I’ve mentioned the infamous Maura Kelly op-ed in Marie Claire many times on this blog . The one where she compares fat people to heroine addicts
“”I find it aesthetically displeasing to watch a very, very fat person simply walk across a room — just like I’d find it distressing if I saw a very drunk person stumbling across a bar or a heroine [sic] addict slumping in a chair.”
“I think I’d be grossed out if I had to watch two characters with rolls and rolls of fat kissing each other… because I’d be grossed out if I had to watch them doing anything.”
It is hate speech of the worst kind and the fact that a major fashion magazine would publish and then defend the smut is unbelievable.
Anyway, I came across an article by Josh Shahryar for the Huffington Post refuted each of Kelly’s claims and her subsequent apology. It is so awesome!
I was particularly moved by his last segment called The Conclusion.
I don’t normally share whole articles on this blog but I was so moved I wanted all of you to read it. Being on a new diet this last week I think I needed to read this article. So beautiful and moving:
5. The Conclusion
I’m not a personal issues expert. But I’m a human being living in the West who knows what’s going on. And what I see is this: there is an incredible amount of bias perpetuated against overweight people in the media. They are almost never the central character — always neatly tucked in as a secretary, the nurse or a character who’s too old to rouse romance. The last time I saw overweight people in a movie as the central character was in Paul Blart: Mall Cop and recently in Precious. Both the movies had a bit to do with weight.
When they appear on TV shows, it’s about weight. Guess who the loser in The Biggest Loser is… Guess who’s huge on Huge (by the way, a very witty show that got canceled). And when it comes to commercials, There’re always those damn ‘fatties’ that can’t seem to lose their weight without this or that new magical drug or diet.
Criminals can and do get central characters, otherwise. Druggies do. Even rapists and child abusers get more frequently featured. Fat people just aren’t good enough. (And to come to this realization right now just truly, deeply and profoundly upset me.)
The only shows, commercials or movies in which they get treated as normal people are those oriented towards the African-American population. Kudos to them for having the empathy. Only the oppressed can feel the pain of the oppressed.
Overweight people have become marginalized by the media simply because they’re overweight. Just like African Americans were marginalized because they were black and more recently, gay people because they’re gay. I understand fully that unlike the color of someone’s skin or someone’s sexual orientation obesity is a medical condition and a problem, but obese people aren’t. That is the issue. That is the problem. That is what both overweight, “normal” weight and underweight people need to come together and fight against.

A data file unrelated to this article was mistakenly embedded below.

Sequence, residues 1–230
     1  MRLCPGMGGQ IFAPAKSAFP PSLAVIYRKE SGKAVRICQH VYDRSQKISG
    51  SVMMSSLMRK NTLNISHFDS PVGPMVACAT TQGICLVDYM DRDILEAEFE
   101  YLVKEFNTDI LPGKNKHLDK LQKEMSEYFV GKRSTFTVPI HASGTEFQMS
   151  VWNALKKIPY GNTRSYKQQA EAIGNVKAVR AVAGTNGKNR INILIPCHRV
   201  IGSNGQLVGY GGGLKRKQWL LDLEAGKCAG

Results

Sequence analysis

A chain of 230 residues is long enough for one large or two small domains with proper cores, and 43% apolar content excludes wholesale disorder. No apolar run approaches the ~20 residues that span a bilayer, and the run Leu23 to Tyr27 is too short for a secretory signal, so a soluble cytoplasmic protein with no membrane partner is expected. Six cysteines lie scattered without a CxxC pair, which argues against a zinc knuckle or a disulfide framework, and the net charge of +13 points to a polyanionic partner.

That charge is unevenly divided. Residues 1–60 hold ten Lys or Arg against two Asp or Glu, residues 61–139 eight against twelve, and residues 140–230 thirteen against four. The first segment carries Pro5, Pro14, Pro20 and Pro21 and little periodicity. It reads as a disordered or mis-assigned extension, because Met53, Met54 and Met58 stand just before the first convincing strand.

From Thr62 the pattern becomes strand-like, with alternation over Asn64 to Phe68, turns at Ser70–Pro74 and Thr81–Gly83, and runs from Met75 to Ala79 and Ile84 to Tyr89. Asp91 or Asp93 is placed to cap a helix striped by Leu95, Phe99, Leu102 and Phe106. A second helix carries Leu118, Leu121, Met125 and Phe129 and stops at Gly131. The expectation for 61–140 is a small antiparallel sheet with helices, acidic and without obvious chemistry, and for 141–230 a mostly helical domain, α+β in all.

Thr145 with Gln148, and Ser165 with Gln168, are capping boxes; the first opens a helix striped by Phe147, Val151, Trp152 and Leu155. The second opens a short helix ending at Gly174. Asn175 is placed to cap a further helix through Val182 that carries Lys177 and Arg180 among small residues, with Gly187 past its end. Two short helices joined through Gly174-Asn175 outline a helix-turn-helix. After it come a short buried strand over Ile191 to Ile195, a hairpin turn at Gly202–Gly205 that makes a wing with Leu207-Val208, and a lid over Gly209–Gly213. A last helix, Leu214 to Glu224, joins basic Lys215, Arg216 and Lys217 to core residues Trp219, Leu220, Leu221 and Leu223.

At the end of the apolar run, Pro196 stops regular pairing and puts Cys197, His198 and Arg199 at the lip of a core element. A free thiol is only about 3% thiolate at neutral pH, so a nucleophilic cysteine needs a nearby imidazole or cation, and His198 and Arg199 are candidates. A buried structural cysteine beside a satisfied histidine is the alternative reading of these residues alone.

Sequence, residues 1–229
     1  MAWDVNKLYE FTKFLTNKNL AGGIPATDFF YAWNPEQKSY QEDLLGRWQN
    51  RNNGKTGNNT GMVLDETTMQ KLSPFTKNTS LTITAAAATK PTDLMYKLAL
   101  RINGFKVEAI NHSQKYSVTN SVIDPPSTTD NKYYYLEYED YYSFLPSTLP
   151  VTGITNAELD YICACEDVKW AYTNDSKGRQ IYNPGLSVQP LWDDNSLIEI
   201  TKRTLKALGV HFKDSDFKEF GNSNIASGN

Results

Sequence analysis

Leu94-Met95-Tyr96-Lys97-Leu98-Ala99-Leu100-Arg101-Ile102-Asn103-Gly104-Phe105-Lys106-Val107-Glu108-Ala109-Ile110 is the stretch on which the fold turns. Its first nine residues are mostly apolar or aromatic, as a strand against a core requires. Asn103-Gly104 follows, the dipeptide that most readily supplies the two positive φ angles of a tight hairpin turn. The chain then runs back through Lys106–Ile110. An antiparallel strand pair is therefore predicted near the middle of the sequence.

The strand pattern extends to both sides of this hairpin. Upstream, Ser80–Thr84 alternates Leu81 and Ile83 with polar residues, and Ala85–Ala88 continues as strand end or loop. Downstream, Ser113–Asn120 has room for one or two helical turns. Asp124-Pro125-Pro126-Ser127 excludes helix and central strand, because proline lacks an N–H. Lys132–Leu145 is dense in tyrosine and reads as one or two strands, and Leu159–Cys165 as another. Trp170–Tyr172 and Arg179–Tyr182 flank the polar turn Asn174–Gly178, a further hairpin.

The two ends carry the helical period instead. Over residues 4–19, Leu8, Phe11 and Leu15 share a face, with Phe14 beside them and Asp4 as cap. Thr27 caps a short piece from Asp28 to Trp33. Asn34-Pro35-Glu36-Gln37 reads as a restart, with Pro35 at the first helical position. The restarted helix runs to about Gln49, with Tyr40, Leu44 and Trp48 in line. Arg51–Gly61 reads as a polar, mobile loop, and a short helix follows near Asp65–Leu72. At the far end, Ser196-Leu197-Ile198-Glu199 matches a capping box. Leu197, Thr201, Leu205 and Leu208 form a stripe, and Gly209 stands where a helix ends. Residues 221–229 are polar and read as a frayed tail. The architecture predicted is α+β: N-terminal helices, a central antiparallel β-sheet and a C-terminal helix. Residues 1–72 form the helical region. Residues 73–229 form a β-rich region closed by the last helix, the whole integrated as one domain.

The first step towards losing weight is not putting your mind to it. It is not making a list of things you will absolutely not do. It is not locking up the fridge. It is knowing that even if you fail at losing weight, people will still love you for who you are and not the number of pounds you’re packing. That people will judge you by your character and not because you are unhealthy weight-wise (and some people are perfectly healthy even when they are overweight). It is that feeling that you are doing this for yourself not because you have to fit a mold created for you.
That cannot be accomplished as long as Western culture continues to brand people who weigh more than what it deems aesthetically pleasing as unacceptable. It’s gotten so bad that even a few people who’re skinny live in constant fear that they might add a few pounds and not look beautiful enough to not be judged by people. And since media plays a huge part in formulating our cultural perceptions, it needs to change immediately — whether people like Ms. Kelly like it or not.
To that end, I urge everyone who finds size-ism in the media as a menace to view this as a watershed moment. It’s time to come together and fight this bigotry to the bitter end. Change does not come without someone pushing for it. If we want this to change, if we want for us, overweight or not, to not be judged by our BMI, we need to not let this fire die down.
We need to stand up and demand change. Even if it means we need to force the issue daily on social networking sites. Even if it means we have to boycott media that continue to practice this bigotry. Even if it means we have to hold peaceful demonstrations for the end of this practice. If media does not change, we cannot change this culture that seems to have been forever marginalizing overweight people.
It’s not just people judging you on the street. It’s about losing job opportunities. It is about equal treatment in the health care system. It is about being able to breathe, knowing everything’s gonna be alright.
The media’s side-stepping the issue and pretending all’s well reminds me of a scene from the movie Good Luck Chuck. Chuck is hexed so any girl who sleeps with him ends up meeting the love of her life in the next few days. His overweight secretary finds out about this and like any woman, she wants to find the lover of her life. She corners him one night and begs him to have sex with her, but he won’t. It goes on for a couple of minutes. Then, finally when he’s on the ground and she’s on top of him and he refuses, she tears up and says, “It’s okay. Close your eyes and pretend I’m someone beautiful.” He looks up, visibly moved, and says, “I’ll pretend it’s you.”
Well, pretending is just not good enough anymore.
(So awesome! I hope I can keep the discussion going and show people a different version of what a fat American can do. I bet Maura Kelly couldn’t swim a 5k!)